All of these assumptions were groundless. Capitalism was not dead. Once the war was over it resumed its course, not much different from what it had been in 1914. The employers, and of course their “enlightened statesmen and economists,” soon showed what they thought of the plan and of its detailed proposals when the post-war unrest had to be dealt with. Nor would the Labour Party’s proposals stand serious criticism. They did no doubt appeal to a large number of electors and this enabled the Labour Party to take office in 1923-1924 and again in 1929-1931, but those two Governments found that the administration of capitalism left them no time or inclination to introduce the main parts of their own programme. The Labour Party had by then forgotten its pledge of 1918 that it would “certainly lend no hand” to the revival of capitalism.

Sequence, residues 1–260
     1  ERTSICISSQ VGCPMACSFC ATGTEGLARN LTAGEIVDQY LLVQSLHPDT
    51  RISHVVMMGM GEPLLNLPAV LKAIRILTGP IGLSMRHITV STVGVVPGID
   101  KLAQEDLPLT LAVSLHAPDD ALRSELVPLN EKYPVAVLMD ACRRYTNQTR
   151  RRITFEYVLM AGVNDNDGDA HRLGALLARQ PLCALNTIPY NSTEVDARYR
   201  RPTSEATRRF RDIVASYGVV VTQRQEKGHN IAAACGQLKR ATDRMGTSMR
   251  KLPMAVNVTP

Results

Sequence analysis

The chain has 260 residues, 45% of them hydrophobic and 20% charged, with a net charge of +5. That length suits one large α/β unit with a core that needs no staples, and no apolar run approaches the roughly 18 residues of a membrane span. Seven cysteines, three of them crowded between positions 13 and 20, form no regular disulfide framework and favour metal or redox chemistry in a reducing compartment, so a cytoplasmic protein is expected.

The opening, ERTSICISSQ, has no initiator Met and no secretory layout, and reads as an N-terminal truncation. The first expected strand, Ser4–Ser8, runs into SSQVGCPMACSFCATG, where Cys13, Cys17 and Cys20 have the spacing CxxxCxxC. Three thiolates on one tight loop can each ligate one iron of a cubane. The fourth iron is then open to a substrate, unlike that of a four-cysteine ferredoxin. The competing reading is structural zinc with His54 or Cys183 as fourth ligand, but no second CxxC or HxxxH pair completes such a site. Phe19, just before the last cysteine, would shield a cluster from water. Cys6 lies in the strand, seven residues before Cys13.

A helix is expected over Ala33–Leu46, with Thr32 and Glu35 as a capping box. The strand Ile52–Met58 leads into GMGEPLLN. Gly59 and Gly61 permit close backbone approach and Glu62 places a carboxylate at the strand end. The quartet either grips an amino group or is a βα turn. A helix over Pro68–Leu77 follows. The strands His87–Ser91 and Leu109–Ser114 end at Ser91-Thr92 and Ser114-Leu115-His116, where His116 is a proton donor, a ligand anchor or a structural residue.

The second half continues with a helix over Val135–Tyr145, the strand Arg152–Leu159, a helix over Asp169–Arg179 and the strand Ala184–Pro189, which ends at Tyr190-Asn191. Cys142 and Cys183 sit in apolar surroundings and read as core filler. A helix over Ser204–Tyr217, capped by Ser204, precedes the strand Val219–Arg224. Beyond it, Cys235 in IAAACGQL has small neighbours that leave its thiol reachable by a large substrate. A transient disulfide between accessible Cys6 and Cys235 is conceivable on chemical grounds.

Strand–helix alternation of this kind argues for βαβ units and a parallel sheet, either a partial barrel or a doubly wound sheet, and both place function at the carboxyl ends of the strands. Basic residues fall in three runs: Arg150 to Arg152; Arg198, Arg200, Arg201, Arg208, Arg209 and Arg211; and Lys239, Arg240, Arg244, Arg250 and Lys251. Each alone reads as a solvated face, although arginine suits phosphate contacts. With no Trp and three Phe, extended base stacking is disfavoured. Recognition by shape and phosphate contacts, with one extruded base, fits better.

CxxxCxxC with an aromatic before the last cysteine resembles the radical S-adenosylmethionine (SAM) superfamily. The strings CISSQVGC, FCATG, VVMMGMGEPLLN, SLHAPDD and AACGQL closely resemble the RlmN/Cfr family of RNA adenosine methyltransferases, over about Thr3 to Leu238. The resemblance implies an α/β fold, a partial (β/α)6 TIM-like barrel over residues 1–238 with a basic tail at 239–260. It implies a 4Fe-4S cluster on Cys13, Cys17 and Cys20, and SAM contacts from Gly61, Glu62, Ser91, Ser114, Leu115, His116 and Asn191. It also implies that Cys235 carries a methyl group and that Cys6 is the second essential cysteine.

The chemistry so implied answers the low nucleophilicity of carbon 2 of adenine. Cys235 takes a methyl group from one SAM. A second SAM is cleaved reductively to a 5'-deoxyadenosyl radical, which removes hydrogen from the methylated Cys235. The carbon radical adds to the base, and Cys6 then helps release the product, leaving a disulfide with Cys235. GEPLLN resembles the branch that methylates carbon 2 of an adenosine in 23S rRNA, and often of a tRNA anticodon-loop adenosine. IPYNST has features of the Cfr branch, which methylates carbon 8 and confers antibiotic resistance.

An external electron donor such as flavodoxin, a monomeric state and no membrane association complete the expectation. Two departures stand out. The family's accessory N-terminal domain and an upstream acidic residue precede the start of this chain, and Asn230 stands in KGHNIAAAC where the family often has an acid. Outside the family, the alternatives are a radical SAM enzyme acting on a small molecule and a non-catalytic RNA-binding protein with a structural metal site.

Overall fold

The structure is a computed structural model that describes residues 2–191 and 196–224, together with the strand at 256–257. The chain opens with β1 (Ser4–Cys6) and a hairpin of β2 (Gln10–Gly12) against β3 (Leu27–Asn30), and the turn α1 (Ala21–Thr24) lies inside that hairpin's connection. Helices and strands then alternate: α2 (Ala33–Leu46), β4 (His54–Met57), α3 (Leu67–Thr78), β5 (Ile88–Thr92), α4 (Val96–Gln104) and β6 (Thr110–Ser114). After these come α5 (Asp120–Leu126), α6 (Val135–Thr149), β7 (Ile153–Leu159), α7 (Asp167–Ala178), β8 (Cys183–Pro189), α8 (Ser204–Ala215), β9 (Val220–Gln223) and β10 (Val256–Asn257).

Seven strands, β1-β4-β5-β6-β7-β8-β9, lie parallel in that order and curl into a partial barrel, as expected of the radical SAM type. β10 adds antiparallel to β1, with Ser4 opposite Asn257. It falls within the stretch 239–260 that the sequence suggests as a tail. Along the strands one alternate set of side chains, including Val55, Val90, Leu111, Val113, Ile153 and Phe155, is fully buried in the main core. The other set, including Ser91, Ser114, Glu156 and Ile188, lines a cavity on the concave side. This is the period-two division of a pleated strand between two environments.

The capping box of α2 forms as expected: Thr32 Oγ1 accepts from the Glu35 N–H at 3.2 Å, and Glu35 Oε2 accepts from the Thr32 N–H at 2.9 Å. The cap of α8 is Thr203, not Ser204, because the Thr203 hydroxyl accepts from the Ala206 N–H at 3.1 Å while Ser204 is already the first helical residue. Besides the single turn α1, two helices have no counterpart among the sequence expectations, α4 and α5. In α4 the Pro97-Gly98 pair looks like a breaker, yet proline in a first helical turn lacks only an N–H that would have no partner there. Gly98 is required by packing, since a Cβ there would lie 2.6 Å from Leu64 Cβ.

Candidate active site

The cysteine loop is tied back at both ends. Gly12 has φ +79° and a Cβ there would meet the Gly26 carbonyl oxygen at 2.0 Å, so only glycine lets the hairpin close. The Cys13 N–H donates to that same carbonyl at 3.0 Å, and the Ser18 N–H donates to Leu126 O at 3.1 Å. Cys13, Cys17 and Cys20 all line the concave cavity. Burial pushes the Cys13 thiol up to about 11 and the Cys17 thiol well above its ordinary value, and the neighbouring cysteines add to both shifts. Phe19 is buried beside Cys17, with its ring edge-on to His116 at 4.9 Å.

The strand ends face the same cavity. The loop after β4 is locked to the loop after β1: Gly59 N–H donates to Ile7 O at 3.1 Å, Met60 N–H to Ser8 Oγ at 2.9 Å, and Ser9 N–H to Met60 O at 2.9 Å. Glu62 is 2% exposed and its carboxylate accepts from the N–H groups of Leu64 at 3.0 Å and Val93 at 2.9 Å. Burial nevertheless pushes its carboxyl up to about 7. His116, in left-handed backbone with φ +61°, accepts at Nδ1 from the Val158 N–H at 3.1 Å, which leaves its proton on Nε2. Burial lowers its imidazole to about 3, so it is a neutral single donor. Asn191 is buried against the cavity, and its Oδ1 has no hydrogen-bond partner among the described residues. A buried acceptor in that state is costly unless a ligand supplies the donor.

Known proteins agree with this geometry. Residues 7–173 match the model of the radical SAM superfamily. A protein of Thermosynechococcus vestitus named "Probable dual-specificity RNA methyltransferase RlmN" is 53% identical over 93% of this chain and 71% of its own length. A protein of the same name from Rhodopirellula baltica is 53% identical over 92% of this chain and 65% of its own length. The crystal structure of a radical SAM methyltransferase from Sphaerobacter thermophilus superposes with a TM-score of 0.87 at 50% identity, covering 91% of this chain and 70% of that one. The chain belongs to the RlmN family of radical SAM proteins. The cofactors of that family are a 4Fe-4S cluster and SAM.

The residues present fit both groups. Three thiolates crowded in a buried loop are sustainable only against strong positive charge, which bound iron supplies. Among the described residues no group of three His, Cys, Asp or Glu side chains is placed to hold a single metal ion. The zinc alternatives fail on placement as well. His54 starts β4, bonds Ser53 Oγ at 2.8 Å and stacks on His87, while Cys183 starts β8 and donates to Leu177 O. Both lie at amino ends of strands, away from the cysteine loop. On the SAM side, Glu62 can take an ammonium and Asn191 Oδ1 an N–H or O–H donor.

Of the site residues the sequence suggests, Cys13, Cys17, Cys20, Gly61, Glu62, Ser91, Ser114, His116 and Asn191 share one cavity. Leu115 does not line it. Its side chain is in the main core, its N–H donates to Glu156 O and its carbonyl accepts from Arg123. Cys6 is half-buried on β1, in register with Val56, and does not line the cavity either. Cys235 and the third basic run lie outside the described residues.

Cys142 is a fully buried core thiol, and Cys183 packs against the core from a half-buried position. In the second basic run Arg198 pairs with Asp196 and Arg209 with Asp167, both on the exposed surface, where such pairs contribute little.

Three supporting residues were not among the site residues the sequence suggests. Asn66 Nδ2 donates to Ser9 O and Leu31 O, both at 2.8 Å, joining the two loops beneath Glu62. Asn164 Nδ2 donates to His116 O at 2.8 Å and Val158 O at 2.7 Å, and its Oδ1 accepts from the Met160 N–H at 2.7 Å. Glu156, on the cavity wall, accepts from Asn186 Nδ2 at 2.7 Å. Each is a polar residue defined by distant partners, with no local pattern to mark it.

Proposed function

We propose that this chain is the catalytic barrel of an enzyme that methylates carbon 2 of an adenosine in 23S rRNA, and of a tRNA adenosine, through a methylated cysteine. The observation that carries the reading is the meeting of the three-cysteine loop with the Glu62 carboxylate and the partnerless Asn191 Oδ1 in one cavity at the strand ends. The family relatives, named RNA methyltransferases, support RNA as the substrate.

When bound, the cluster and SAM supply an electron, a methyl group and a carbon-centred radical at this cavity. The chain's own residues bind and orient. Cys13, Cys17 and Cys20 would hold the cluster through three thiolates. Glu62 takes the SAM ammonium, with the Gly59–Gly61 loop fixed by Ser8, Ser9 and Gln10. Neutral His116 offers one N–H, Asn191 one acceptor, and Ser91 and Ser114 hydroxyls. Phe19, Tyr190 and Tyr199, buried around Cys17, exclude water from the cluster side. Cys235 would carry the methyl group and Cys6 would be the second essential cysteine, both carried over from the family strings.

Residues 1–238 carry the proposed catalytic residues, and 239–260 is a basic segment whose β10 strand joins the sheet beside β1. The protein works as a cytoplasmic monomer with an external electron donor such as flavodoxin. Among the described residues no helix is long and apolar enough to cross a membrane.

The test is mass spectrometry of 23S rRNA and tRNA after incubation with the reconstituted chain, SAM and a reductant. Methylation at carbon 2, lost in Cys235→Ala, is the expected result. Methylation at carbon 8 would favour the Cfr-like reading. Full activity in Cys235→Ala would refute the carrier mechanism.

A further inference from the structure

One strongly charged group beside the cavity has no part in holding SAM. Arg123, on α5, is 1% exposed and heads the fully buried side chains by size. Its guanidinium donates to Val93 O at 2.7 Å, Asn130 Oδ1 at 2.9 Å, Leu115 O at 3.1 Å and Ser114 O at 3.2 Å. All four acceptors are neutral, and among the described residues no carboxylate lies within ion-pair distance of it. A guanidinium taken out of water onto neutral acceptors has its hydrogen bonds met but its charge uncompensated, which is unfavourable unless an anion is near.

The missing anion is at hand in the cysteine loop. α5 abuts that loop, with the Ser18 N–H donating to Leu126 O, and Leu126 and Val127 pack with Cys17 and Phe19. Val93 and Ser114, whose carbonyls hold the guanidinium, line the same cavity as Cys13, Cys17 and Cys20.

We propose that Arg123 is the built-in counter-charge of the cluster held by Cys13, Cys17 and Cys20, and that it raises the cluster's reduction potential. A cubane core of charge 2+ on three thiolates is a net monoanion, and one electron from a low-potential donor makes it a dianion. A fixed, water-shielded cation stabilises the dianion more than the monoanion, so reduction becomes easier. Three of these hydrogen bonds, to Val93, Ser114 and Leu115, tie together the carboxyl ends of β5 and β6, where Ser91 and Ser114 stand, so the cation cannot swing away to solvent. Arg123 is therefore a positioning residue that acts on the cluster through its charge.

It is a melancholy thought that in 1941 most of these assumptions can still be cherished by the Labour Party.
“The Four Pillars of Reconstruction”
The “four pillars” of the 1918 plan were (a) The Universal Enforcement of the National Minimum; (b) the Democratic control of industry; (c) the Revolution in National Finance; and (d) the Surplus Wealth for the Common Good.
There was to be a national minimum wage of 30s. a week (to be revised according to the level of prices), and this was also to be the basis of payment to the unemployed, the sick, the aged, and the victims of industrial accidents.